One comparative insight comes from Krause's (1996) argument about how most of the third world has failed to benefit from the developmental interplay between war and state-making that eventually generated the strong states of Europe. Given the accounts just presented, Krause's argument would seem to hold true for both Africa and the Middle East, though its effects have been quite different between the two. In Africa, the ability of military-political elites to obtain economic resources to fight wars without engaging in the economic or political development of their societies has largely wrecked the process of state formation. On the other hand, in the Middle East it has resulted in the consolidation of a regional state system populated largely by authoritarian regimes, and full of interstate wars and rivalries. Consequently, in neither place is there much prospect of democratisation, and therefore not much hope of democratic peace. In both areas, pan-ideologies remain influential, but subordinate to more fragmented political structures. Both areas are also subject to strong patterns of securitisation by the West that are in some respects markedly different from the patterns of securitisation generated within the regions. The West (especially Europe) fears migration from both, and securitises oil, WMD, and radical Islam in the Middle East, and public health and the environment in Africa.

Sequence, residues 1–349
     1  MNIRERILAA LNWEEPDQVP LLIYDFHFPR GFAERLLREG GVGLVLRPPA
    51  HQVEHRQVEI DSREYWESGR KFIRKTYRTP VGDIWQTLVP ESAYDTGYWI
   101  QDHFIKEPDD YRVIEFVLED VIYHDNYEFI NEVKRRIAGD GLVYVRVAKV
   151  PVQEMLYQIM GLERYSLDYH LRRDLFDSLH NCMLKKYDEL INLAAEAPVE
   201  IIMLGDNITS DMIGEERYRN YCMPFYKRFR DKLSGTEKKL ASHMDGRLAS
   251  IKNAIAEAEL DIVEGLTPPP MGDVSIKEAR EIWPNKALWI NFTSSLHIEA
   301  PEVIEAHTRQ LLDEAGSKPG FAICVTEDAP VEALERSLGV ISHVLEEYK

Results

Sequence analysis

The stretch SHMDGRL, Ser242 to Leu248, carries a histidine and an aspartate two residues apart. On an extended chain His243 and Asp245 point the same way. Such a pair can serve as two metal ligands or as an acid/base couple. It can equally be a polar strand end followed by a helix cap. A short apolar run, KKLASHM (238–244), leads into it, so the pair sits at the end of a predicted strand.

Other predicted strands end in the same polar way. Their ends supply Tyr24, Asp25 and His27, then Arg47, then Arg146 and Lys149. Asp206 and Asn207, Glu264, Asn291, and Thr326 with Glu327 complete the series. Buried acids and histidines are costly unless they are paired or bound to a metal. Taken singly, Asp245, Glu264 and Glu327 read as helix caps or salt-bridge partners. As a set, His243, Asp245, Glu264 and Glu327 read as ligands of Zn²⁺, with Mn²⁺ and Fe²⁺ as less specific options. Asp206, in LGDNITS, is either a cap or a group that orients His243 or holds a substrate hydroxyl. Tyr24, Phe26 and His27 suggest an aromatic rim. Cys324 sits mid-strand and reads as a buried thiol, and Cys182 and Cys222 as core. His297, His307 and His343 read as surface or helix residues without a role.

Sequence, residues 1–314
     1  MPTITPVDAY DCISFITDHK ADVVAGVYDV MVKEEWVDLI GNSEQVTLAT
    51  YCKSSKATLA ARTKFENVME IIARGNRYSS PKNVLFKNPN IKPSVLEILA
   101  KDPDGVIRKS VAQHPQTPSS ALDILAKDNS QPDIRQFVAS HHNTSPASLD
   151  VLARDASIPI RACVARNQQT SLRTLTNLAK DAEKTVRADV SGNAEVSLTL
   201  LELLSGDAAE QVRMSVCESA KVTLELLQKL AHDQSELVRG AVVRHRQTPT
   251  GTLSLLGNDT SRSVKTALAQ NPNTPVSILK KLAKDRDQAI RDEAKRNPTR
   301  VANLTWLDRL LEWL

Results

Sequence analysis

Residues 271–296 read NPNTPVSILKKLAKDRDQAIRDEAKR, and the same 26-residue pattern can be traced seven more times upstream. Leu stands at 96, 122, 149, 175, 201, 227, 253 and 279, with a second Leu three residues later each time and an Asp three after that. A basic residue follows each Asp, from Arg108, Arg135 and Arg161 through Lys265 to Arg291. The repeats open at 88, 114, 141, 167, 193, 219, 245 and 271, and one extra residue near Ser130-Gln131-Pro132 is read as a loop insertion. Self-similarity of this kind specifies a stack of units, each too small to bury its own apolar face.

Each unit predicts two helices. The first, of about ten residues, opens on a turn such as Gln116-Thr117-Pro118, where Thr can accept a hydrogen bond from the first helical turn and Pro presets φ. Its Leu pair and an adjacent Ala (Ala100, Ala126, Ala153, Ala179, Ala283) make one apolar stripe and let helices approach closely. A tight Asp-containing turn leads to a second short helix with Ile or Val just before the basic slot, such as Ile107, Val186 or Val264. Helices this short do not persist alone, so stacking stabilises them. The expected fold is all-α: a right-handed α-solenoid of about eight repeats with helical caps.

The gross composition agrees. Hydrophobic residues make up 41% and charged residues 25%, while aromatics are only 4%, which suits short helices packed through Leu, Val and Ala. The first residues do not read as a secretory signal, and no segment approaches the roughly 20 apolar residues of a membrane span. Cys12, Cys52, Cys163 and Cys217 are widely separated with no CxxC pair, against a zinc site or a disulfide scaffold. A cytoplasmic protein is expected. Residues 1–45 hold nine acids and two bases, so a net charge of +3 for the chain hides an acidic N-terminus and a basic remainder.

The political disintegration of Africa and the interstate conflict formation in the Middle East respectively underpin the prognoses that RSCT allows us to project for them.
In Africa, the ending of the Cold War mattered, but not as much as elsewhere. It made a specific difference in Southern Africa, where the